Imagine the students who attend Iowa schools after the adoption of the Common Core. Imagine them when they are ten or twelve years out of school. Take a look at the standards. How many of those students, at age thirty, will have all the skills described in the standards? How many will be fluent in all of the math concepts listed in the standards? How much different will those numbers be than they are for the thirty-year-olds who attended Iowa schools before the Core standards? What evidence is there to think that the difference will be significant?
Of course, there is no right or wrong answer to this thought experiment. Maybe the Common Core will transform society as we know it. Or maybe not. My own feeling is that people attribute near-magical powers to K-12 education, when experience shows that the choice of one curriculum over another doesn’t make nearly as much difference in actual adult knowledge and abilities as we’d like to think it does.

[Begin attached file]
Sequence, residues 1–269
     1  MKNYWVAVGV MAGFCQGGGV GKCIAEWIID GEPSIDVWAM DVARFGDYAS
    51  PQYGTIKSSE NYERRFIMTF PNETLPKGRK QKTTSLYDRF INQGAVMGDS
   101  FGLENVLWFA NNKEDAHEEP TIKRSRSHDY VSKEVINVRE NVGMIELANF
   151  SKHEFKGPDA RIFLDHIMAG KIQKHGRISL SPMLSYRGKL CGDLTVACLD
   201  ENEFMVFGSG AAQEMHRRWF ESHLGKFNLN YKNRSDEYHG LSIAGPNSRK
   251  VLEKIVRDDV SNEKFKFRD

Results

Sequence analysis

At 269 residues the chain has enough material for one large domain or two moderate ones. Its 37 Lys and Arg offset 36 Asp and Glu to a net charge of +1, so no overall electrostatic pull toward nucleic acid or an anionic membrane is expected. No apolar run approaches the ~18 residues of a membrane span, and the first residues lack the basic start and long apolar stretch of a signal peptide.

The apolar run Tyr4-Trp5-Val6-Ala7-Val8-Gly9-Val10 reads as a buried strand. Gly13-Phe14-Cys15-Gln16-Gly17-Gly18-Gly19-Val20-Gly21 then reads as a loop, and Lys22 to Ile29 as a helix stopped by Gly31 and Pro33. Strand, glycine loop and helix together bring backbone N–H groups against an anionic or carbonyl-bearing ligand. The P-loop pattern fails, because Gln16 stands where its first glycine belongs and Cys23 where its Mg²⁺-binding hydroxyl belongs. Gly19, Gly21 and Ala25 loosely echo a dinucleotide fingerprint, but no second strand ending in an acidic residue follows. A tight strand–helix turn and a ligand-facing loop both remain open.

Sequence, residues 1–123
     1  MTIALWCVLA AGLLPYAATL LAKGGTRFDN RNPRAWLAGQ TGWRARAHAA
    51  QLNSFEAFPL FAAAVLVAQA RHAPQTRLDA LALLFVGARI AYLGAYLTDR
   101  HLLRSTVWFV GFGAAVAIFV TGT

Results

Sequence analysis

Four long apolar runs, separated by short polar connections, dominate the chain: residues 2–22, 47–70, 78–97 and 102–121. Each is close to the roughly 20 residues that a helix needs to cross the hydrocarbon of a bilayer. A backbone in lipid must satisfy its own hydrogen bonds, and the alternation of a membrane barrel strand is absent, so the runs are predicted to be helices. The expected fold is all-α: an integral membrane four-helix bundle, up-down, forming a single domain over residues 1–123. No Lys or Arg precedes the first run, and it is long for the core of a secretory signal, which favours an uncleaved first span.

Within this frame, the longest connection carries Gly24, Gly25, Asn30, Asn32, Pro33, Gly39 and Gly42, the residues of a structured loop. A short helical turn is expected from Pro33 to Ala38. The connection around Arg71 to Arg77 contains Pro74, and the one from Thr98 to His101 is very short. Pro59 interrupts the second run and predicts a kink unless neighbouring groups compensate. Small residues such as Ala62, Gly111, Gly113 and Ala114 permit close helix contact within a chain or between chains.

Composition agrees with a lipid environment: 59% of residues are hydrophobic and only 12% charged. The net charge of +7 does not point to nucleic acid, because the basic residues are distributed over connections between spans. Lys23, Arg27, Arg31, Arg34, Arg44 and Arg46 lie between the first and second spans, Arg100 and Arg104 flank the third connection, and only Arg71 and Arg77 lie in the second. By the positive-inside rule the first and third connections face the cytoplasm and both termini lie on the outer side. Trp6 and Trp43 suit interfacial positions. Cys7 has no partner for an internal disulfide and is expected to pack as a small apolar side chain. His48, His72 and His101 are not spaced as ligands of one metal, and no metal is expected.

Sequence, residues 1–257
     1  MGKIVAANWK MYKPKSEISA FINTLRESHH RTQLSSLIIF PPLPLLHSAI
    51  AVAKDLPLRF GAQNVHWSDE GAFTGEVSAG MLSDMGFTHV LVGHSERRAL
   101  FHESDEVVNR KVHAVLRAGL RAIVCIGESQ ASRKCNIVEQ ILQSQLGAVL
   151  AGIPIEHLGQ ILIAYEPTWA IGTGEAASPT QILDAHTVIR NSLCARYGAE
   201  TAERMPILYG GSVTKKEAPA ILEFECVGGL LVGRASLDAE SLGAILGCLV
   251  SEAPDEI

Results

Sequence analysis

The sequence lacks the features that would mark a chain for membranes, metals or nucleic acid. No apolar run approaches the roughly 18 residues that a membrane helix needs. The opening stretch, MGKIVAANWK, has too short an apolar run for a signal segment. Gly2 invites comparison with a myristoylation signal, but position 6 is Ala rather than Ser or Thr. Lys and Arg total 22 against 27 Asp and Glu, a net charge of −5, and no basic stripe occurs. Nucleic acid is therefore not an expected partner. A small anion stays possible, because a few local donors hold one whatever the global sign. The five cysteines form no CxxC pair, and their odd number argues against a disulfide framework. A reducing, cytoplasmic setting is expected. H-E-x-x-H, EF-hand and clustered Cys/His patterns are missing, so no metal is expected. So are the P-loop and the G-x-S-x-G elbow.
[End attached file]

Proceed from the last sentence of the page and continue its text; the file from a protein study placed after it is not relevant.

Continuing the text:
This isn’t an argument against the Core per se—just an argument that it’s not so obviously and urgently important that it has to be imposed on everyone everywhere.